This time around, I wanted to know how a hitter’s plate discipline changes over his career. We already know plate discipline statistics are easily the most stable, year over year. That said, I wondered whether I’d see meaningful patterns as players age. Often times, scouts and commentators mention how a hitter’s approach changes over time: less disciplined, less contact as a young player; better bat control and better strike-zone awareness as a hitter matures. But does the data confirm this thinking?

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Revisiting Last Year’s Free-Agent Signings

Before all our attention is focused on the post-season, I thought I’s take a quick look back at free agent signings from the past year and how those deals worked out in 2012. The focus here is just on what teams got for their money. In other words: Did the players meet or exceed the expected value of the contracts they signed?

I focused on major league signings only, so the analysis does not include myriad minor league deals — many of which resulted in players accumulating playing time in the majors this year.

To get a sense of the how the deals turned out, I compared players’ expected values — which are based on their positions and the annual average value (AAV) of their contracts — to their actual values. I uses Matt Swartz’s research on the differences in dollars per Wins Above Replacement (WAR) by position, rather than assume an average dollar-per-WAR, as is typically done.

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Production Per Swing in 2012

There are rate stats for just about every kind of opportunity a hitter faces in a game. Batting average tells you how often a player reaches base via a hit. On-base percentage tells you how often a player avoids making an out per plate appearance. But what about swings as opportunities?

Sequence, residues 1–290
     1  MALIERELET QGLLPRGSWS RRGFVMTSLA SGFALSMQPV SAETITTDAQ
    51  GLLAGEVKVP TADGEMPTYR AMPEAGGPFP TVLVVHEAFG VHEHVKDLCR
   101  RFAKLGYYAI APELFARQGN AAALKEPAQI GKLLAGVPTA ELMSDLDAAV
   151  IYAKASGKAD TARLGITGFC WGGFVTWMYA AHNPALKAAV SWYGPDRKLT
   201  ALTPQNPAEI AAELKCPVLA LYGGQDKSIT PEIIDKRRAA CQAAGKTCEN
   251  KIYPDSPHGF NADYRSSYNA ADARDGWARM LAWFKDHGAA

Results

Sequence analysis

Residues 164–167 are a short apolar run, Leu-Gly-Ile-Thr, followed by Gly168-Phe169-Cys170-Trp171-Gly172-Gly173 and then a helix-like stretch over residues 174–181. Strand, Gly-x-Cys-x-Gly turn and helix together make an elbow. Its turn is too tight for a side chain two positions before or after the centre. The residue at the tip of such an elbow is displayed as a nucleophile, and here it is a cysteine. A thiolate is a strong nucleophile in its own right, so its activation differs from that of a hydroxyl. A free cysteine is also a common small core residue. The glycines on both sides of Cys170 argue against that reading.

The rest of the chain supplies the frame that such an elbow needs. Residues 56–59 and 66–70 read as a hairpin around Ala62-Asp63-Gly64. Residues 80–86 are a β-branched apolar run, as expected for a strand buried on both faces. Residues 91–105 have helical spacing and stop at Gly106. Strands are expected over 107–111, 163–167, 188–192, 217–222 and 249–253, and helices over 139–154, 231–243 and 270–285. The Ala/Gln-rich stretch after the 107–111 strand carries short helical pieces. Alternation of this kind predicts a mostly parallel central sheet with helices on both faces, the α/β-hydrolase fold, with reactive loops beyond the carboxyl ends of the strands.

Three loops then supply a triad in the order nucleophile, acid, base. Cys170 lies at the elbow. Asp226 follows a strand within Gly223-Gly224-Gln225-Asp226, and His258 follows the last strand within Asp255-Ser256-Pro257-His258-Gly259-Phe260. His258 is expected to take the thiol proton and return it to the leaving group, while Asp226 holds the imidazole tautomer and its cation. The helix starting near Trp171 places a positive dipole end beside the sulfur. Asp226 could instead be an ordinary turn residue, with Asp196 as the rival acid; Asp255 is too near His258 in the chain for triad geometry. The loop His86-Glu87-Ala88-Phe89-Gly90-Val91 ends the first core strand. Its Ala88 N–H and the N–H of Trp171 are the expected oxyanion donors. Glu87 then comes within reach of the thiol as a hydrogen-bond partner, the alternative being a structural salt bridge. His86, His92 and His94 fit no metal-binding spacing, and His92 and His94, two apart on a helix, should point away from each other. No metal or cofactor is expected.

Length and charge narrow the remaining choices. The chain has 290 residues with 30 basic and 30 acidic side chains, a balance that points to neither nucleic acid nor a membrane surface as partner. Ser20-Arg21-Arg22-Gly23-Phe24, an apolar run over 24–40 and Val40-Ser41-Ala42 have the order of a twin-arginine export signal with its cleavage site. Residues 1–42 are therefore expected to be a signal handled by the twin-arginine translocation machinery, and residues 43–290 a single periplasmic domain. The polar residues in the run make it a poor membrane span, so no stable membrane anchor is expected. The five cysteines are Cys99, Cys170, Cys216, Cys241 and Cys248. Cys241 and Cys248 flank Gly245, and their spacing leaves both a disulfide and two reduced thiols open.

Last year, I played around with the idea of production per swing. The idea was to examine what hitters gave the most value when they took a swing. The methodology was pretty simple: calculate the Weighted On-base Average (wOBA) each hitter generated using their swings — instead of plate appearances — as the denominator*.

Of course, there is a healthy correlation between actual wOBA and wOBA per swing (.83 in 2012), but less so Isolated Power (ISO). (wOBA/swing and ISO share only a .53 correlation.) Some of the results may not be all that surprising, but many certainly are.

Let’s first look at the top-25 so far this year:

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Andrew Werner Was Pulling the String Last Night

As I was flipping channels last night I managed to stumble on the Padres – Dodgers game. Andrew Werner, a 25 year-old rookie making only his third career start, was on the hill for the Padres. It only took me a few pitches to determine I should stick with the game for a little while.

Although the Dodgers would eventually win the game in extra-innings, Werner pitched a great game as his final line can attest to (6 IP, 8Ks, 1BB). And although he posted an equally dominant performance in his previous game against the Atlanta Braves (6 IP, 7Ks, 0BBs), the way he went about shutting down the Dodgers was quite different.

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Greatest September Call-Ups

We’re only three days from the expansion of major league rosters. On Sept. 1, all players on a team’s 40-man roster will be eligible to play in the big leagues without an accompanying move. Often times, baseball fans are treated to a sneak preview of teams’ top minor league talent as a result of September call-ups; or they’re surprised by a relatively unknown player who manages to contribute over the season’s final month.